Matthew Perry ‘Really Grateful’ to ‘Friends’ Costar Jennifer Aniston for Helping His Recovery (VIDEO)
They were Friends onscreen and off. Matthew Perry says that Jennifer Aniston, one of his costars from the 2000s-era NBC comedy, confronted him about his drinking and then supported him during his recovery.
Perry opens up about his struggled with drugs and alcohol — and his friendship with Aniston — in a new promo for Diane Sawyer’s upcoming sit-down with the actor for ABC News ahead of the November 1 release of Perry’s memoir, Friends, Lovers, and the Big Terrible Thing.
“Secrets kill you,” Perry tells Sawyer in the promo. “Secrets kill people like me.”
Sawyer mentions in the interview that at the height of his career, Perry had the No. 1 show and the No. 1 movie in America. “At the time, I should have been the toast of the town,” Perry reflects. “I was in a dark room, meeting with nothing but drug dealers and completely alone.”
Perry also confirms an anecdote from his memoir — that he was using methadone and Xanax and drinking full quart of vodka a day. “Fifty-five Vicodin a day,” the actor adds in the interview.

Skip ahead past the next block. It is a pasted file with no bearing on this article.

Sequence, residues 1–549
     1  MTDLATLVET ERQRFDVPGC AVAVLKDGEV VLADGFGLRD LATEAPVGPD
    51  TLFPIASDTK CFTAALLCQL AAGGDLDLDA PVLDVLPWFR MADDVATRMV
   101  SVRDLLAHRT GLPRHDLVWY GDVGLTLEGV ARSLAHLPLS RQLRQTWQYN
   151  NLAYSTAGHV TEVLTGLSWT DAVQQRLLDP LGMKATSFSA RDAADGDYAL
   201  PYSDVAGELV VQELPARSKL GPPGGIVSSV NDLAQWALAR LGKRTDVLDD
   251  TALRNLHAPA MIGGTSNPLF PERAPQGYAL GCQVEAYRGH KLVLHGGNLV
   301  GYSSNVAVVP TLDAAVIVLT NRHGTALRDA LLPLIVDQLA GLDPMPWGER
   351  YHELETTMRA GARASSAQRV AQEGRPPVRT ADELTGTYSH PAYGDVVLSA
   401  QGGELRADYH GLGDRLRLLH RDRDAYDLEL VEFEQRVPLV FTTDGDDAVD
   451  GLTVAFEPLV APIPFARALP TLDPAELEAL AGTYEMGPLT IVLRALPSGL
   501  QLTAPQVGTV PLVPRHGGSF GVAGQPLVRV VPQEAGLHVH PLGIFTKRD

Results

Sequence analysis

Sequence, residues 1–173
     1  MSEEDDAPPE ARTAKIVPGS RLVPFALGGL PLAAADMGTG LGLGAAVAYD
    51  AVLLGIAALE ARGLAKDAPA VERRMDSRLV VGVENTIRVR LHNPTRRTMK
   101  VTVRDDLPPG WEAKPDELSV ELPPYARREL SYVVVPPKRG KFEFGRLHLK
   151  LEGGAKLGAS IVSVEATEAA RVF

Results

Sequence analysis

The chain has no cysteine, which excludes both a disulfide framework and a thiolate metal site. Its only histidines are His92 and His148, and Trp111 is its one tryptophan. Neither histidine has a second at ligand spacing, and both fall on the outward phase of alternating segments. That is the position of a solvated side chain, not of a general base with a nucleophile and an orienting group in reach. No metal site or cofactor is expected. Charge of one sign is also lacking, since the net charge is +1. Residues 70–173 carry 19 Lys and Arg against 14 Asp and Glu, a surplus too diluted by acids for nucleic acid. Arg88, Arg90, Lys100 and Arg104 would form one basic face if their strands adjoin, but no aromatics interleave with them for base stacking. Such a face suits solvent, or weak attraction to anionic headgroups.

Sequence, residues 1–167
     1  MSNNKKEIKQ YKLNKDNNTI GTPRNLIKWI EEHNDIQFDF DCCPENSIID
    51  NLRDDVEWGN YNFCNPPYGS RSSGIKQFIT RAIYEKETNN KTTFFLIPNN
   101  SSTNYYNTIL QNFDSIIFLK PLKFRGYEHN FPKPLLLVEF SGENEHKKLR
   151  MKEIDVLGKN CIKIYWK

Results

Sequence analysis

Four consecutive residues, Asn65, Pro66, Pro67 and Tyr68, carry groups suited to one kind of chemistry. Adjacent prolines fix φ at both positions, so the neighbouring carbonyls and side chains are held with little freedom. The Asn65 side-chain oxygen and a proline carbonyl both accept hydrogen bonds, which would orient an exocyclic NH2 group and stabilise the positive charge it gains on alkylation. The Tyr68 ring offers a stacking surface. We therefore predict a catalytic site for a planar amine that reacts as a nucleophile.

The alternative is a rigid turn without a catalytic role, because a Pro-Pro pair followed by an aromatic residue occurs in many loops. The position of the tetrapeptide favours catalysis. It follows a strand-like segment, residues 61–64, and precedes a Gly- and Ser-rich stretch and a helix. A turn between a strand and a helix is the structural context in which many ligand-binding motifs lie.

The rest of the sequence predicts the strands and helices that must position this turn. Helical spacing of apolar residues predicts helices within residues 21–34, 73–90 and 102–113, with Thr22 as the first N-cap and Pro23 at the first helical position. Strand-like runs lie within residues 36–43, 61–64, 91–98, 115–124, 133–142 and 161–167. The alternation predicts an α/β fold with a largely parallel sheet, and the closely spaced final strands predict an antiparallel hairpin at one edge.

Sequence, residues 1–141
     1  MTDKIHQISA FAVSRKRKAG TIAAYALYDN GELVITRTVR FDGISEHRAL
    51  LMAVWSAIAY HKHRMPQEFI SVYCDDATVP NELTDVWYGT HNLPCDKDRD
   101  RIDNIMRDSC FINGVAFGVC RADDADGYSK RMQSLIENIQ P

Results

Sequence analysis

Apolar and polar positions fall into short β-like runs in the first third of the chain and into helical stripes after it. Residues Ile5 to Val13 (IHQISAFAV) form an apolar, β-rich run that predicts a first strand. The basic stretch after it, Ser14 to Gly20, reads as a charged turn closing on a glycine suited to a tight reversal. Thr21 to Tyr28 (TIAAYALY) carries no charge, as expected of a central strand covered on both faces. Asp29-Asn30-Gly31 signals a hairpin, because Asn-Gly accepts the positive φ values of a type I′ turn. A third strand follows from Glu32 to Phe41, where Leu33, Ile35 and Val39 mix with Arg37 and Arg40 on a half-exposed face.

And he discusses a near-death experience. “I was in a coma and, you know, escaped death really narrowly,” he says. (As E! News reports, Perry was in a coma for two weeks after his colon burst as a result of his opioid use, and he spent five months in the hospital and needed a colostomy bag for nine months.)
But as Sawyer recounts, it was Aniston who cornered Perry about his addiction, saying that she and the other Friends costars knew that he was drinking. It was also Aniston, though, who kept in closest contact. “Imagine how scary a moment that was,” Perry says. “She was the one that reached out the most, and I’m really grateful to her for that.”
On a lighter note, Perry’s memoir includes an anecdote about his quirky line deliveries as Chandler on Friends. (Think of all the Chandler lines that start “Could I be more…”) As the actor recalls in the book, he won over the Friends casting agents when he “read the words in an unexpected fashion, hitting emphases that no one else had hit.”
“I was back in Ottawa with my childhood friends the Murrays; I got laughs where no one else had,” he adds, per Deadline. “I was talking in a way that no one had talked in sitcoms before, hitting odd emphases, picking a word in a sentence you might not imagine was the beat. I didn’t know it yet, but my way of speaking would filter into the culture across the next few decades. For now, though, I was just trying to find interesting ways into lines that were already funny, but that I thought I could truly make dance.”
He also writes that he knew he needed to play Chandler when he read the first script. “It was as if someone had followed me around for a year, stealing my jokes, copying my mannerisms, photocopying my world-weary yet witty view of life. … It wasn’t that I thought I could play ‘Chandler’; I was Chandler.”
Matthew Perry: The Diane Sawyer Interview, Friday, October 28, 8/7c, ABC